Among the possible disadvantages is. the possibility that some bankers
might be reluctant to change an established volume of loan sales because this would require additional payments into their reserve accounts.
The accounts also would require continual supervision, but total administrative costs might well be lower than in the preceding alternatives
because individual notes would not have to be evaluated for risk.
Education.

To realize the full potential of secondary marketing

of loan paper, a major educational program would initially be desirable
to demonstrate the need for and benefits of secondary markets to bankers
and their customers . Such mutual understanding would help preclude
damage to customer relationships when banks market loan paper.
Unfortunately, the mere existence of a secondary market for
rural bank paper would not alone eliminate the managerial inertia
which exists in some rural banks.

However, these banks would be placed

under more pressure than at present, from their competitors and customers,
to improve their credit services to their communities.
Other services of unified markets
Federal funds.

Inclusion of Federal funds activity in the unified

markets would assure rural banks of greater access to the funds market, particularly on the buying side.

Currently, participation by small banks is

largely dependent on the willingness of city correspondent banks to act
as brokers or dealers in Federal funds.

Accommodation hinges largely on

whether the correspondent has complementary reserve needs or can match
the wishes of two country correspondents.




Under other circumstances,

- 154 -

correspondent banks appear much less willing to accommodate small
transactions in Federal funds.

By acting as a dealer, a unified

market could give small banks access to the Federal funds market on a
basis which is continuous, certain, and independent of their choice of
correspondent.
Unified markets probably could provide most effective service
in Federal funds by taking dealer positions.

This would enable them to

accommodate transactions of differing size and would allow them to offset net buying or selling by their customers through trading in the
national market — in effect, by acting as wholesalers of Federal funds.
In addition, a dealer operation would stimulate trading because a
selling bank would not have to concern itself with the solvency of a
different small bank each time it sold or to establish restrictive lists
of banks to which it would sell.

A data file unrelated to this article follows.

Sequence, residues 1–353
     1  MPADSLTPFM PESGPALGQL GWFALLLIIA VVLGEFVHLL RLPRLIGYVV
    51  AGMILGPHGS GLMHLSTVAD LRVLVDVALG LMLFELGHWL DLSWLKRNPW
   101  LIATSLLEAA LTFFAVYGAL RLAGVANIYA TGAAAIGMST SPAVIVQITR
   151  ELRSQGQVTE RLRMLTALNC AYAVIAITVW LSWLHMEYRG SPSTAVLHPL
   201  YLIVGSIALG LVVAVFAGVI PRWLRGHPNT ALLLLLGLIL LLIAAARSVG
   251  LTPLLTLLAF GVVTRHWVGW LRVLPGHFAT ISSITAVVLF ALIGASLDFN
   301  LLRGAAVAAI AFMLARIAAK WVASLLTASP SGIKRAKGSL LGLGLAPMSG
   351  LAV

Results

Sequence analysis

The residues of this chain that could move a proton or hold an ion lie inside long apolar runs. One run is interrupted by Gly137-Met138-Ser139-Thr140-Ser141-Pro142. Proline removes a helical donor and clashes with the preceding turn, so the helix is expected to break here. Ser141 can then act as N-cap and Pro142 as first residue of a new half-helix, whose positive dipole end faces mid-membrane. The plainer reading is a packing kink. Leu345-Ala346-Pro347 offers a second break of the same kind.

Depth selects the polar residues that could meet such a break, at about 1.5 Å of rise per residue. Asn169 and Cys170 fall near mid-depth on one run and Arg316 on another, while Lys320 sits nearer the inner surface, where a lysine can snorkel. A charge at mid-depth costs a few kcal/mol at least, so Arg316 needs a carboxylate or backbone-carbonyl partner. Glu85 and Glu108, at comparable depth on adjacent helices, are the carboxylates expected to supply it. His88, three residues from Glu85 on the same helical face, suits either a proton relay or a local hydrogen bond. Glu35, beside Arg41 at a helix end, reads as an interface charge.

The minimum trading unit needs to be relatively small if banks
serving rural areas are to be able to participate effectively.

Also,

small banks might arrange to have the markets buy or sell funds for them
for specified periods of time on some automatic basis.

For example, a

bank might place a standing order for purchases or sales whenever its
excess reserves vary by one trading unit from a specified amount.
Another more sophisticated approach would rely on daily computer analysis
by the unified market of each bank's reserve account, with decisions
about whether and how much to trade being based on recent patterns of
its reserves and of Federal funds rates, the stage in the settlement




- 155 -

period, and the existing Federal funds rate as well as the bank's
current reserve position.

The unified market would need ready access

to the most recent information about each bank's position for this
approach to be most effective.

Arrangements could probably be made,

with authorization from the commercial banks concerned, for unified
markets to obtain current reserve status data directly from Federal
Reserve Banks at which these accounts are kept, via a real-time information system.^/
Certificates of deposit.

Unified markets could further improve

the geographical distribution of credit by facilitating the issue of
certificates of deposit by rural banks.

Rural commercial banks have

been excluded from the market for negotiable certificates primarily
by the standard size of the certificates.

For a bank with $5-$10 million

in deposits, a $1 million certificate (or, for that matter, even a
$100,000 certificate) simply is not a satisfactory instrument; it is too
large, relative to the bank's needs and resources, to be attractive either
to the bank or to potential investors. — '
A unified market could enable smaller banks to compete for time
deposit money by offering certificates in which a number of affiliated
banks participate.

Such certificates, of course, would be only partly

56/

For more information on the present structure of the Federal funds
market and some other suggestions for improvement, see Parker B. Willis,
Fundamental Reappraisal of the Discount Mechanism: A Study of the
Market for Federal Funds. Board of Governors of the Federal Reserve
System, Washington, D.C«, 1967.

57/

Description and evaluation of the present secondary market for
negotiable certificates of deposit and review of numerous suggestions
for improvement are provided by Parker B# Willis in Fundamental
Reappraisal of the Discount Mechanism; The Secondary Market for
Negotiable Certificates of Deposit. Board of Governors of the Federal
Reserve System, Washington, D. C9 1967.




- 156 -

insured at present by the Federal Deposit Insurance Corporation, and so
a prospective purchaser might need to investigate a number of banks in
order to evaluate the total risk inherent in a given certificate.

To

make such certificates marketable, it might be necessary for the unified
market to accept liability for them.

With proper supervision, unified

markets should be able to guarantee such instruments with minimum risk.
If insurance or guarantees were secured, the certificates almost
certainly could be traded in the existing market.